trea·son – noun – the crime of betraying one’s country, especially by attempting to kill the sovereign or overthrow the government.
That may be the way jurists in other countries define treason. In the United States, we do not define it that way at all. Article III of the Constitution gives a narrow definition of the crime: “Treason against the United States shall consist only in levying war against them, or in adhering to their enemies, giving them aid and comfort.” By design, the narrow definition prevented sovereigns and other political actors from using charges of treason to rid themselves of enemies.
Currently we skirt these issues with the somewhat mushier adjective, ‘treasonous’. John Brennan, Barack Obama’s CIA director, wrote in July, 2018: ‘Donald Trump’s press conference performance in Helsinki rises to & exceeds the threshold of “high crimes & misdemeanors.” It was nothing short of treasonous.’
President Trump never one to skirt any issue, ‘accused former FBI employees Peter Strzok and Lisa Page of committing treason when they took steps to investigate his possible ties to Russia.’ “They wanted to do a subversion. It was treason. It was really treason.”
I guess that’s the beauty of free speech. You can use words any way you want, then see if someone objects. With false accusations, though, we get a little touchy. Some would say loose accusations of treason count as violations of the Seventh Commandment. Others might call it a macro-aggression. News outlets may deal in rumors, insinuations, and innuendo, but in the political arena you go for blood.
Almost ten years ago I launched two books, Revolution in the Air, and Revolution on the Ground. I affectionately call them RITA and ROTG. In the first one, I wanted to think about why revolutionary sentiments had become more common in our country. In the second one, I wanted to think about how you would undertake a revolution in America. In both books, I did more than think, and advocated we alter or abolish our government.
People familiar with English political theory will recognize those two verbs: ‘alter or abolish’. They come to us from John Locke, who articulated a people’s ‘right of revolution’ shortly after Parliament beheaded King Charles in London for treason. Locke was sixteen years old at the time. Locke was interested in the rights of Parliament vis a vis the sovereign, but I’m not sure he regarded Charles’ death as the best way to abolish a government.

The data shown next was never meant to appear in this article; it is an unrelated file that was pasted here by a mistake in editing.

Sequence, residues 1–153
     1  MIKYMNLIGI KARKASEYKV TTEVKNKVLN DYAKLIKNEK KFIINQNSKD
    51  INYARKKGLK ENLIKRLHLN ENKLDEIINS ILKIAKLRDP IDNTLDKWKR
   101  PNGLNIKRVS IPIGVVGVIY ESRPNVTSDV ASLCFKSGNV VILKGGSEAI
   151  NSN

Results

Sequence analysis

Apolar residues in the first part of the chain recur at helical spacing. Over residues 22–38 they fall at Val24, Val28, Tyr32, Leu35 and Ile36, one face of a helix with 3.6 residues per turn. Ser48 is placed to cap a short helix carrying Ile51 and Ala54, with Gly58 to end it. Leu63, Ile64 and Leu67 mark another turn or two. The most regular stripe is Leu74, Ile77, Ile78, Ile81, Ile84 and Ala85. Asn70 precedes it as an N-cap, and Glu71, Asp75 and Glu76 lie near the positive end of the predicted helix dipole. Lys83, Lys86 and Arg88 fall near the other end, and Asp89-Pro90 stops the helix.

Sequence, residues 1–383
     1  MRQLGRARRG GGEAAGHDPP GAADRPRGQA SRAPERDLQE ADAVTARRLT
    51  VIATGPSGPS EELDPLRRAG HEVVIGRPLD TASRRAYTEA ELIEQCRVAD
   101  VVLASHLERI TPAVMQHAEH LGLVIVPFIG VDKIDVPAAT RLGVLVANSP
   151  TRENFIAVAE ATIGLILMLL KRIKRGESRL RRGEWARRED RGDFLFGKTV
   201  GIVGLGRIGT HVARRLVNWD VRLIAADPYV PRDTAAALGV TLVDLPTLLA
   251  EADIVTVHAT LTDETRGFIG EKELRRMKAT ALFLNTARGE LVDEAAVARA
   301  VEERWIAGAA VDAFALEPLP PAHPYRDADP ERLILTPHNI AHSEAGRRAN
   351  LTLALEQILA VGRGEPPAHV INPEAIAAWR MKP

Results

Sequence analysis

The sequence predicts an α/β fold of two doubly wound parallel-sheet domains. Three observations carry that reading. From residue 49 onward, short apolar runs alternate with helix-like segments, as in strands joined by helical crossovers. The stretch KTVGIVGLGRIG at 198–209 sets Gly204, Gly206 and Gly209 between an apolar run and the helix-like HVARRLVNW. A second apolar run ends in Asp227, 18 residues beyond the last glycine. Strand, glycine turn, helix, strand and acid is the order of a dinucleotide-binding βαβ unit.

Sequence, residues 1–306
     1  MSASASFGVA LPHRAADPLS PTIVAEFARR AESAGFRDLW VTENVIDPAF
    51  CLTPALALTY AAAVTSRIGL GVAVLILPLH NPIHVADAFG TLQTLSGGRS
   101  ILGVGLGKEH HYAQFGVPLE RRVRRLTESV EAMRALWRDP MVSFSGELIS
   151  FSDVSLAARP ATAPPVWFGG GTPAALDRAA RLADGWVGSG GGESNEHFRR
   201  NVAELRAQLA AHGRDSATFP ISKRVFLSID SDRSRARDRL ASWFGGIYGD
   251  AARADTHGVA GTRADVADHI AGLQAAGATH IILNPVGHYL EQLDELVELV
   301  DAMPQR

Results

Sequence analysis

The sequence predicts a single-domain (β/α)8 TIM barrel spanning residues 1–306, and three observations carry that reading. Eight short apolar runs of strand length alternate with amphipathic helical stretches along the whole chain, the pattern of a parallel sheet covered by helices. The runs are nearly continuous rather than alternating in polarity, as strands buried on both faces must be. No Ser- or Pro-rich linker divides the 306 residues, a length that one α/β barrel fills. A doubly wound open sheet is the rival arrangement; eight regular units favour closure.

In any case, in this country we do not regard any act directed against the state as a crime, unless the act be violent. Nonviolent efforts to alter or overthrow governments never count as crimes, even if government uses the Espionage Act to convict innocent people. Under Woodrow Wilson, for example, feds convicted Eugene Debs under the Act after he delivered an anti-war speech in Canton, Ohio, and sentenced him to ten years in prison. Already in his mid-sixties, three years in the Atlanta Penitentiary broke his health.
Read this excerpt from Debs’ speech to the court when he was convicted:
“When the mariner, sailing over tropic seas, looks for relief from his weary watch, he turns his eyes toward the Southern Cross, burning luridly above the tempest-vexed ocean. As the midnight approaches the Southern Cross begins to bend, and the whirling worlds change their places, and with starry finger-points the Almighty marks the passage of Time upon the dial of the universe; and though no bell may beat the glad tidings, the look-out knows that the midnight is passing – that relief and rest are close at hand.
“Let the people take heart and hope everywhere, for the cross is bending, midnight is passing, and joy cometh with the morning.”
By contrast, read Wilson’s mean justification for not granting Debs a pardon:
“While the flower of American youth was pouring out its blood to vindicate the cause of civilization, this man, Debs, stood behind the lines sniping, attacking, and denouncing them….This man was a traitor to his country and he will never be pardoned during my administration.”
One hardly needs to add that Debs did not direct his criticism toward soldiers who fought in France, but to the commander-in-chief who sent them there – namely, Woodrow Wilson.
We will let Debs have the last word: “The most heroic word in all languages is revolution.”
Thus we see that labelling a leader a traitor to his country, then sending him to prison on those grounds, is always something government can pull out of its pocket when it perceives a nuisance, a threat, or merely an inconvenient critic. People use the word treason or traitor as the ultimate convenience in the ring, or as we would say now, the epithet offers an easy takedown. Unfortunately, easy takedowns debase the word, so when true betrayal comes along, we stand a good chance not to recognize it.